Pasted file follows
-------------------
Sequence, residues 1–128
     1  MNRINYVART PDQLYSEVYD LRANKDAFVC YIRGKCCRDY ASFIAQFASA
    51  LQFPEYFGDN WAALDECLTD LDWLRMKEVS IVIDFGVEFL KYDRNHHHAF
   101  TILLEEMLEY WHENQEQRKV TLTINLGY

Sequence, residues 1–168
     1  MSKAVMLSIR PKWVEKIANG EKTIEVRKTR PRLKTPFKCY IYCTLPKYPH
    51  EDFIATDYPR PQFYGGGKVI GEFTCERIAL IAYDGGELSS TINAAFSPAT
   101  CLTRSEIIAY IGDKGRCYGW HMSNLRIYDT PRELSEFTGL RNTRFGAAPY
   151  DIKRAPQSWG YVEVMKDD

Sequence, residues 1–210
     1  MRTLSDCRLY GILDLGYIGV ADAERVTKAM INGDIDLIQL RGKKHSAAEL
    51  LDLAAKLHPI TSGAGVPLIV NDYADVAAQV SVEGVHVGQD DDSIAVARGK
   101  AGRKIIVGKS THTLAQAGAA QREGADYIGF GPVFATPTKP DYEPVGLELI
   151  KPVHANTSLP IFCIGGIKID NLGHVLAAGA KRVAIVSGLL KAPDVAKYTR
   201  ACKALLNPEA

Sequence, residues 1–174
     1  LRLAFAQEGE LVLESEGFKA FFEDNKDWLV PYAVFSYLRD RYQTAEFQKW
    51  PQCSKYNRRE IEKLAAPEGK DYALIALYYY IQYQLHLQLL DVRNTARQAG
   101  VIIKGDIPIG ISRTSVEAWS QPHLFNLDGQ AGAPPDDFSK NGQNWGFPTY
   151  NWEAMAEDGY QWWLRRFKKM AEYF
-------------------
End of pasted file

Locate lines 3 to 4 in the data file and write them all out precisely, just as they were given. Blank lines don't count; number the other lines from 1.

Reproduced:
    51  LQFPEYFGDN WAALDECLTD LDWLRMKEVS IVIDFGVEFL KYDRNHHHAF
   101  TILLEEMLEY WHENQEQRKV TLTINLGY